Thursday, 9 January 2020

hidden history #2

When I wrote about an abandoned Hindu temple in Hidden History, I gave that report the title I did because it was hidden in the jungle, and you would never come across it by accident. Someone would have to show you. I recently came across another example of hidden history, although in this case the ‘someone’ was Google Maps, which featured a ‘balloon’ that sounded interesting in Fanling’s industrial district that you wouldn’t know was there unless you went looking for it.

I’ve been unavoidably vague in the last sentence, because when I checked Google Maps, the relevant ‘balloon’ appeared to have been removed. And what I found when I checked out the location wasn’t even remotely as dramatic as a temple. Just two stone tablets:


It’s just about possible to make out that Chinese characters have been carved into the tablets, but they are now completely illegible. However, there is a polished metal plaque in front of the tablets with a complete rendition in Chinese, and an English translation. This is what is written on the right-hand tablet:
1930
This path directs to
Tsung Him School, Shung Him Tong Tsuen
So it was merely a way marker. There is a long-abandoned school in the area, which is what is being referred to here. And this is the entrance to the school’s now overgrown sports ground:


Tsuen is Cantonese for village and doesn’t usually form part of the formal name of the village, which still has some interesting traditional buildings, and a modern church!

Incidentally, you may think, after looking at the photograph of the tablets, that the date is ‘1960’, but that is merely the effect of almost a century of accumulated lichen.

This is the English translation of what is written on the left-hand tablet:
District Office, Taipo, Notice No. 10
Notice is hereby given that it is prohibited to tether cows on this path leading to Shung Him Tong from On Lok Tsuen, so as not to obstruct pedestrians and cause damage to the path. All are to obey and not to violate this instruction.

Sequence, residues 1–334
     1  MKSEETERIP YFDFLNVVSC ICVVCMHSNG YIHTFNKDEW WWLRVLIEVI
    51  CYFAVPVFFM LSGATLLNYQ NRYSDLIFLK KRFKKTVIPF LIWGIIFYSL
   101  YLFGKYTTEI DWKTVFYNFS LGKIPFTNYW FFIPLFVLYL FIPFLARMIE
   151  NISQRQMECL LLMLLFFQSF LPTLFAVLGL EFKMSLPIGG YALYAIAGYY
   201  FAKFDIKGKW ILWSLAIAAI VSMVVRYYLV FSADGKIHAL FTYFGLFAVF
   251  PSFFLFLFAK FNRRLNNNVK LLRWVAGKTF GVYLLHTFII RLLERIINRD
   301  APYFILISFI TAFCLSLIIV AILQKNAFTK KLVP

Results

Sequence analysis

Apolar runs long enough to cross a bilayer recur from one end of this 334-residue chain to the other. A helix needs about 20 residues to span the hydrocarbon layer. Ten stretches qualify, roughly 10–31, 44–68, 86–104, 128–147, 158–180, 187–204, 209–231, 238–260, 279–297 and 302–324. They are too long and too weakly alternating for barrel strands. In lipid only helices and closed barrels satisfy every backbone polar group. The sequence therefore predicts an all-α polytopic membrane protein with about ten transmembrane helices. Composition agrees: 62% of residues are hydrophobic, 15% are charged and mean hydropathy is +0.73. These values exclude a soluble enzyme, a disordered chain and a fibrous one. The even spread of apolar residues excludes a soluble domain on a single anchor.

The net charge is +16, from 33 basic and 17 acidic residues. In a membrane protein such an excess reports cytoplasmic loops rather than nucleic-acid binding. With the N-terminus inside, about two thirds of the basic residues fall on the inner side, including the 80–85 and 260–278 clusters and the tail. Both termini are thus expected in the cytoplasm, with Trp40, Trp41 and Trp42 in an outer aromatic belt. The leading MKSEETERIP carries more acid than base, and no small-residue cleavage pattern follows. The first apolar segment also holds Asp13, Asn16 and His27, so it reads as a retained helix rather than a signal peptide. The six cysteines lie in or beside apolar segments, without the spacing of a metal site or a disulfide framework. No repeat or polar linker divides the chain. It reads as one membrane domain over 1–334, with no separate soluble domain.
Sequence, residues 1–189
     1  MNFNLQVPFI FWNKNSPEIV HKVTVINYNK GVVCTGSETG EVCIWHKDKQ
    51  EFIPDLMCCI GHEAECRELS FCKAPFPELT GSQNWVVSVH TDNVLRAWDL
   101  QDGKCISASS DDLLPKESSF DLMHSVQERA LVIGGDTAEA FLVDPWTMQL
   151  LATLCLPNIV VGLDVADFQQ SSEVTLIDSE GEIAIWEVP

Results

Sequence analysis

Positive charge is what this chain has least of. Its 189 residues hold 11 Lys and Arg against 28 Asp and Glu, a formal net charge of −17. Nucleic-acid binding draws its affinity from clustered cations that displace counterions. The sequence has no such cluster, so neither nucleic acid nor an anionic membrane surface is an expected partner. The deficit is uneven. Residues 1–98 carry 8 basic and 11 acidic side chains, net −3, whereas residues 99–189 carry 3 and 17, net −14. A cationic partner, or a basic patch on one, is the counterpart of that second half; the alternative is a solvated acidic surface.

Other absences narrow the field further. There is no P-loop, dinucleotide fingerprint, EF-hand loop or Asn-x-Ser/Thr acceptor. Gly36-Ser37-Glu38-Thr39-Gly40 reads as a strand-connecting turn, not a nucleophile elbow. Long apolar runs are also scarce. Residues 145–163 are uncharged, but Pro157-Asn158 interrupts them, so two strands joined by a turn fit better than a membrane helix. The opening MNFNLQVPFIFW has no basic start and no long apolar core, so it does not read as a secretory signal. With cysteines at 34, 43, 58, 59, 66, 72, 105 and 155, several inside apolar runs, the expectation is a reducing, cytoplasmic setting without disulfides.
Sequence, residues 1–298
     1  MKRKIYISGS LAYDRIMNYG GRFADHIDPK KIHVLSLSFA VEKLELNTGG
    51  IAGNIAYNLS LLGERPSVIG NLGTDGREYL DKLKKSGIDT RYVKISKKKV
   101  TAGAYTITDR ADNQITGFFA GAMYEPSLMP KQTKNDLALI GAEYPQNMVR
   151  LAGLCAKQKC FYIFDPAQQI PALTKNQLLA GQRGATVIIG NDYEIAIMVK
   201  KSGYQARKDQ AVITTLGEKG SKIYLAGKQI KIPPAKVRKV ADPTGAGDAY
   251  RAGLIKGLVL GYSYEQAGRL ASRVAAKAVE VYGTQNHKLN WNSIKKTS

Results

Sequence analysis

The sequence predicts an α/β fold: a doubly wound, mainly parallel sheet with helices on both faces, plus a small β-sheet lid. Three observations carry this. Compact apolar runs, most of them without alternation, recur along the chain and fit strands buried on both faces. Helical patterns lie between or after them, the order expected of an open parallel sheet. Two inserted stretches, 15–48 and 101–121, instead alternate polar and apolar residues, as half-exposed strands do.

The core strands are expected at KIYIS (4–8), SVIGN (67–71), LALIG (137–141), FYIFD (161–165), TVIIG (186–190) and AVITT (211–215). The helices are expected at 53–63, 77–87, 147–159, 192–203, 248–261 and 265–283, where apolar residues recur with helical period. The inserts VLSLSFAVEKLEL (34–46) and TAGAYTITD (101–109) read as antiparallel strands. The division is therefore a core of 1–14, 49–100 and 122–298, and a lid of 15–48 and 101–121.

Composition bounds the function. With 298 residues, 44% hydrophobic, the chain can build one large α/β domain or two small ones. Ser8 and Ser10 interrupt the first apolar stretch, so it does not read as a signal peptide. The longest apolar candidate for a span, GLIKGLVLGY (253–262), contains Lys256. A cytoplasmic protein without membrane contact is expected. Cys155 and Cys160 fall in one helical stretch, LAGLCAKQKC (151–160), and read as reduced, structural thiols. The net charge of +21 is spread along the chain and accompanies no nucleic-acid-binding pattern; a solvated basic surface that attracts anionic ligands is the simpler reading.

T. Megarry,
District Officer
8th March, 1934.
The tablets may be located in what I’ve described as an ‘industrial area’, although there are no factories, just godowns (the Hong Kong word for a warehouse) and workshops, but in the 1930s, this was still countryside, and I imagine that this notice was issued in response to complaints.

You would need to know something about colonial administration to spot the other interesting thing about this notice. Taipo is the next new town to the south of Fanling, and it was probably the only significant population centre in the New Territories by the standards of the 1930s, while Fanling was still a village and is now part of North District (both are located on the old Kowloon–Canton Railway line, and the old Taipo station is now both a declared monument and a railway museum).

The Taipo District Office also once had jurisdiction over Shap Sze Heung (‘fourteen villages’), where we lived between 2005 and 2008. These villages are clearly part of Sai Kung District, but until the early 1970s, they were not connected by road to anywhere, and they would have been much more easily accessed by sea (both Taipo and the villages are on the shores of Tolo Harbour).

As I acknowledged earlier, you would never come across these relics of a bygone age unless someone told you about them, given their location in an area not frequented by casual visitors, so I’ve included a map in case you want to see for yourself:


The tablets are located on On Kui Street, diagonally opposite Jetta House, as indicated by the red circle.

other posts in this series
Hidden History.
Hidden History #3.
Hidden History #4.
Hidden History #5.

2 comments:

  1. can't imagine what it was like 90 years ago amongst the concrete blocks of buildings in this area...

    ReplyDelete

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